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Dissertation/Thesis Abstract

The effects of gambling on the financial well-being and perceived social support of family members: A quantitative study
by Le, Thuy, M.S.W., California State University, Long Beach, 2016, 70; 10017855
Abstract (Summary)

Researchers have documented that problem gambling has affected families. The purpose of this quantitative study is to investigate how the gambling behaviors of an individual affected perceived social support of his or her family members and their financial well-being. This study will be based on a cross-sectional survey of 33 family members of gamblers who resided in Orange County, California. The majority of the participants estimated their family member spent an average of $1,000 per week on gambling activities. Asians and first generation immigrants experienced low perceived social support compared to their non-Asians and second and third generation counterparts. Participants who earned less than $15,000, those who rented, and were single scored low on financial well-being scale compared to their counterparts. Study findings have implications for social and behavioral sciences. The findings aimed to help families, communities and helping professionals to have an awareness of the potential harm of problem gambling.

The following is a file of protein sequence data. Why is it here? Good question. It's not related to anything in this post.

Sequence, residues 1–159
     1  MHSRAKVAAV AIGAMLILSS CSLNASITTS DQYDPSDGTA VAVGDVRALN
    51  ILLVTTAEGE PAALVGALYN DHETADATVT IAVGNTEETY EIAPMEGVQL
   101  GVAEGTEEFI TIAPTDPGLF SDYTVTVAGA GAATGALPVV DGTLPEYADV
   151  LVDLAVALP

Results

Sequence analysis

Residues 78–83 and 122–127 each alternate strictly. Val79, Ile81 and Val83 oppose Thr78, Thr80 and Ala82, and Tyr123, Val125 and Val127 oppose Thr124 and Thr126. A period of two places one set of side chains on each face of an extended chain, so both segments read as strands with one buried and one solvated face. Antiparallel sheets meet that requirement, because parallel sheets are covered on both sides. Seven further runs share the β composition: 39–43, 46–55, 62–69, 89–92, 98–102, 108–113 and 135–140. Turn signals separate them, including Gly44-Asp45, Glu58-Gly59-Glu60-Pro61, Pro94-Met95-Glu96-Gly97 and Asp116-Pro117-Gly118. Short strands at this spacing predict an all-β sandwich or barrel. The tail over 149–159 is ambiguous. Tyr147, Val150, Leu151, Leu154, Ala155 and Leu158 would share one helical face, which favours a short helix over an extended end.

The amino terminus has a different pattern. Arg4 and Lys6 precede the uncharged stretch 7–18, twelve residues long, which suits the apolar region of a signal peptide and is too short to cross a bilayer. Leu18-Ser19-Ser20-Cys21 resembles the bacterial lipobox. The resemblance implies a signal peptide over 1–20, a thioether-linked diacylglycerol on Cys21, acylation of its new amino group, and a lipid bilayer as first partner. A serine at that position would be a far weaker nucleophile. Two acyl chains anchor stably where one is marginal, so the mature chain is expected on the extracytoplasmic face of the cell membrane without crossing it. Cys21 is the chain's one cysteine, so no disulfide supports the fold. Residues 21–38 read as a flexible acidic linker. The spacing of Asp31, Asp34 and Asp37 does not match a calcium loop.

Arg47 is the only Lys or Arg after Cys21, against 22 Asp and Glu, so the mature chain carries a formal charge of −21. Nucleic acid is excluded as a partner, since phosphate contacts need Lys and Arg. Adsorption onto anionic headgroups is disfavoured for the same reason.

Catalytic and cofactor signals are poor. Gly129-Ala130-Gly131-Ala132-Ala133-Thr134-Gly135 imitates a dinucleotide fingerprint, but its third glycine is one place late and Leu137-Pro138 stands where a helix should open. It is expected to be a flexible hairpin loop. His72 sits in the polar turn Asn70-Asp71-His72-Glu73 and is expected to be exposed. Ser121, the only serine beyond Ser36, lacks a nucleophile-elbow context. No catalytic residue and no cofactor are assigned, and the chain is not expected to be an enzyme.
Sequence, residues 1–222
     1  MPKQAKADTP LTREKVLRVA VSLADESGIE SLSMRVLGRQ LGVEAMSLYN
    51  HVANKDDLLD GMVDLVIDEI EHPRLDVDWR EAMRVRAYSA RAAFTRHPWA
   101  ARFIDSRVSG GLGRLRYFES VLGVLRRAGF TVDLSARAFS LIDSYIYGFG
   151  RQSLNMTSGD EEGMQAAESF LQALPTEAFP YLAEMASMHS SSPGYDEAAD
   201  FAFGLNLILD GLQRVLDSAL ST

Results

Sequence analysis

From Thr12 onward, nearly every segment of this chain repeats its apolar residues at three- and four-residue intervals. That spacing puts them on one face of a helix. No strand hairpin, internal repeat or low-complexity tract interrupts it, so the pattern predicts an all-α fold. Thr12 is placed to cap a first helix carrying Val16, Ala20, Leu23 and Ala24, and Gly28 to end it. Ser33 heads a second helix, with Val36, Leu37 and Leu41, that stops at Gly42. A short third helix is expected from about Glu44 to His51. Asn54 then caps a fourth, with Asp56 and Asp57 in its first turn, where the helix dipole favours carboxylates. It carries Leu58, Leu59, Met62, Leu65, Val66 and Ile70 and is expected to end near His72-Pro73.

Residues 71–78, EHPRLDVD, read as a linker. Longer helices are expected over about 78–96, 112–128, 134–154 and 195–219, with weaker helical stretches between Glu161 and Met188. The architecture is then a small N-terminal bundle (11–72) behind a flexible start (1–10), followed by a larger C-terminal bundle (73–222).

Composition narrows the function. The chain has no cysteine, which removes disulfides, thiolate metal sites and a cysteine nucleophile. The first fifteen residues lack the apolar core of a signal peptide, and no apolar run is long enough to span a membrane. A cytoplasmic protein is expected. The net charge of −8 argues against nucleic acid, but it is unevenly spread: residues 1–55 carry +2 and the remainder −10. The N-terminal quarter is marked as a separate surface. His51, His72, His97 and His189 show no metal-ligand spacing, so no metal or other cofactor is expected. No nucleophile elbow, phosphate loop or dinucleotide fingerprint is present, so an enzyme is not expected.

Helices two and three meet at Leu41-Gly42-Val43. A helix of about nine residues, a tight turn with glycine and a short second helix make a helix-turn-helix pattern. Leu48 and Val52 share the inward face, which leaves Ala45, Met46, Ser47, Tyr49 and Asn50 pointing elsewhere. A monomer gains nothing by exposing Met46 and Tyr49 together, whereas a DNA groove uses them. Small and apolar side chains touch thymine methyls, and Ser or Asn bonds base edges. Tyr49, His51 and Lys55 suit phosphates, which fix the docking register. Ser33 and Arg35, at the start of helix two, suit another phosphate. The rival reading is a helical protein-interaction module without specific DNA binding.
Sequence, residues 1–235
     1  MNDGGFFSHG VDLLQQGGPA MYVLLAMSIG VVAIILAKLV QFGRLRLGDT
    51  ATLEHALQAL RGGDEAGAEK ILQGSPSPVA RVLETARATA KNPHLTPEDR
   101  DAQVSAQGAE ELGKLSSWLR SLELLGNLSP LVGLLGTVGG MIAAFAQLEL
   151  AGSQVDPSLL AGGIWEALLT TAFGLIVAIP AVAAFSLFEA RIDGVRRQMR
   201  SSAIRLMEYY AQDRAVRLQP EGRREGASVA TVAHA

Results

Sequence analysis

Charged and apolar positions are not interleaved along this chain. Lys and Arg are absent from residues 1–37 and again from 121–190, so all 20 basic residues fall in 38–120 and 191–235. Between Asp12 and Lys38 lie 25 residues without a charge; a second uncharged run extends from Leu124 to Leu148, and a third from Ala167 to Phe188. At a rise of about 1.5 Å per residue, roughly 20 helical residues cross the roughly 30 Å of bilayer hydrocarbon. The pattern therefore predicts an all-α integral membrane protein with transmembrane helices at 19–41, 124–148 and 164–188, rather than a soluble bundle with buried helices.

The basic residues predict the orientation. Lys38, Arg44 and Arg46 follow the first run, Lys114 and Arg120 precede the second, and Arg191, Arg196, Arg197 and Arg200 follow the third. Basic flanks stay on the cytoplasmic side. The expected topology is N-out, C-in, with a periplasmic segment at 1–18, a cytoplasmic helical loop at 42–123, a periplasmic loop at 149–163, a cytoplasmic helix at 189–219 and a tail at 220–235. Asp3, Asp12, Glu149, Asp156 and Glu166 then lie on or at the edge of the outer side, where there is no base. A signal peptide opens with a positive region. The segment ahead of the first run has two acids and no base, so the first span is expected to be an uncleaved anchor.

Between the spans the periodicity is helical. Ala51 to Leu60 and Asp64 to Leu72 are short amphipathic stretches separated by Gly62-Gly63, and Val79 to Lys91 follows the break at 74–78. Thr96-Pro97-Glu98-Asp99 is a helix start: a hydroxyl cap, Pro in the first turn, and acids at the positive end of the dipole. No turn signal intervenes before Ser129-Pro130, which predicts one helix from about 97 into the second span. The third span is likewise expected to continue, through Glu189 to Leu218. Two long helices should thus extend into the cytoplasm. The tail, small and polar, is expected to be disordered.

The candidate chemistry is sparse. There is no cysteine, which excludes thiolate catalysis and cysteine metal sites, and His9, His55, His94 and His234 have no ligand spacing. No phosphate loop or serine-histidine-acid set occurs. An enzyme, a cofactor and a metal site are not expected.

Indexing (document details)
Advisor: Santhiveeran, Janaki
Commitee: Campbell, Venetta, Lam, Brian
School: California State University, Long Beach
Department: Social Work
School Location: United States -- California
Source: MAI 55/03M(E), Masters Abstracts International
Subjects: Social work, Individual & family studies
Keywords: Financial well-being, Gambling, Gambling and family, Quantitative, Social support
Publication Number: 10017855
ISBN: 978-1-339-50550-3
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